Samosa – Triangle-shape pastries with a potato, pea and spice stuffing. These entries items are crispy on the outside but soft on the inside.
Tandoori Chicken – Tandoori refers to the style of cooking, rather than the flavour itself. Tandoori chicken is made by marinating chunks of chicken in yoghurt and spices before roasting it in a clay, tandoor oven. This dish has a striking bright orange colour and usually comes with yoghurt and spring onions.
Dahl – This warm, hearty dish is simple but full of flavour. Lentils are simmered with different spices and herbs and scooped up with chapati or papadums.
Naan – Traditional naan is a type of flatbread, cooked in a clay oven. At modern Indian restaurants, it comes in a range of different flavours including garlic, cheesey, and sweet Peshwari (coconut, sugar and sultanas).
Where to find the best Indian food in Australia
Harris Park is one of Sydney’s top spots for great Indian cuisine. Annandale and Surry Hills are also popular spots, with plenty of restaurants that cater for vegetarian and vegan diners. You will find great cheap authentic Indian food and ingredients in Lakemba. St Kilda, Fitzroy and Albert Park near Melbourne all have a number of Indian outfits offering both formal sit-down meals and takeaway options. On the west coast of Australia, Fremantle and Innaloo are the best spots to grab an Indian meal. Brisbane foodies say the most authentic Indian cuisine is right in the CBD, but the outer suburb of Morningside also has a lot to offer.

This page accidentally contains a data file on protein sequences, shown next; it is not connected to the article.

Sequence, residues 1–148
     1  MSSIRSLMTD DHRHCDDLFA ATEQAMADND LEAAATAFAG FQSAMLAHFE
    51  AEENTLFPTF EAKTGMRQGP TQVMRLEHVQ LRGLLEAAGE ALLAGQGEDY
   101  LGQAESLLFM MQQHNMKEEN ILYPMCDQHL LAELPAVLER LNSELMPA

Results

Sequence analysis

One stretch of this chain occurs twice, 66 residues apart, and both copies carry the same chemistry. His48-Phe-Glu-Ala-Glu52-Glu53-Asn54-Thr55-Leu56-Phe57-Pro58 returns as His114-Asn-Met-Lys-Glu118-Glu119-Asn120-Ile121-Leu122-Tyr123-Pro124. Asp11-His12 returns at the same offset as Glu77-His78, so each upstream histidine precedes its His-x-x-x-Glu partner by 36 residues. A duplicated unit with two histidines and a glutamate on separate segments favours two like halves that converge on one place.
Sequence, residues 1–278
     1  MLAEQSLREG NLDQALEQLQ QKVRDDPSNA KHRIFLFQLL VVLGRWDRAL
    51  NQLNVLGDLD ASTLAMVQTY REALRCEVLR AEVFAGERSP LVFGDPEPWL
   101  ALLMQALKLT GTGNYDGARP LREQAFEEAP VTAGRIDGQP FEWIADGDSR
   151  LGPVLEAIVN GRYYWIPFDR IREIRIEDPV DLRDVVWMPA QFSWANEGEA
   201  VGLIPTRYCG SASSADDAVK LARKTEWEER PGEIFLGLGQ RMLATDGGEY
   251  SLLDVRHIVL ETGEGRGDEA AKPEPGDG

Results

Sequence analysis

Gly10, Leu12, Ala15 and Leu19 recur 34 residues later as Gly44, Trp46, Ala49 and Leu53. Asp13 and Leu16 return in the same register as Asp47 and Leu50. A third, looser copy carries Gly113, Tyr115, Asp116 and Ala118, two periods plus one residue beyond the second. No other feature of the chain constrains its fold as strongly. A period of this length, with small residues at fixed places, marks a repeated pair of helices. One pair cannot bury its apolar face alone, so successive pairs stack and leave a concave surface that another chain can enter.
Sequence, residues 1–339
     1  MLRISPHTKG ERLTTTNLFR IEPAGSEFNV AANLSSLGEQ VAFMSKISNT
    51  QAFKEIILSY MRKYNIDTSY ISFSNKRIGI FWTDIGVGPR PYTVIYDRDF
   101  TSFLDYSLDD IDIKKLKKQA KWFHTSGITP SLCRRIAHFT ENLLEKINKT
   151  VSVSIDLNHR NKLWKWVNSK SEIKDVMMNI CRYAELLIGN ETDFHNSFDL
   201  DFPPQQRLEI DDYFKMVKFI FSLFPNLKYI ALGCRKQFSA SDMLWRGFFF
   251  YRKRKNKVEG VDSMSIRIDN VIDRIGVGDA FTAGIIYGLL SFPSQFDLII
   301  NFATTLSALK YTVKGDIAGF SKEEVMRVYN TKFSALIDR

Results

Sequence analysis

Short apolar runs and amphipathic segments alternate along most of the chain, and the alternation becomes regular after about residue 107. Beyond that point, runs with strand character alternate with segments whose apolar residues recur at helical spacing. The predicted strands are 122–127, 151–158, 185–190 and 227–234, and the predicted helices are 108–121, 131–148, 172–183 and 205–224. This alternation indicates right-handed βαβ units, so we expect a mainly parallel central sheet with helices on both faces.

Lebanese is one of those cuisines that has merged so smoothly with the western world that most people don’t realise they’re eating it. I eat hummus by the bucket, and I have the Lebanese to thank for it. Some of these Middle Eastern staples might even appear on your weekly shopping list.
Halloumi – This semi-hard, squeaky cheese is traditionally made from goat’s milk. The Lebanese usually grill it and serve with salads.
Tabouleh – This vegetarian salad is made from bulgur (a type of cereal/grain) or couscous, parsley, mint, onion and tomatoes. It’s great as a dip, side dish or kebab filling.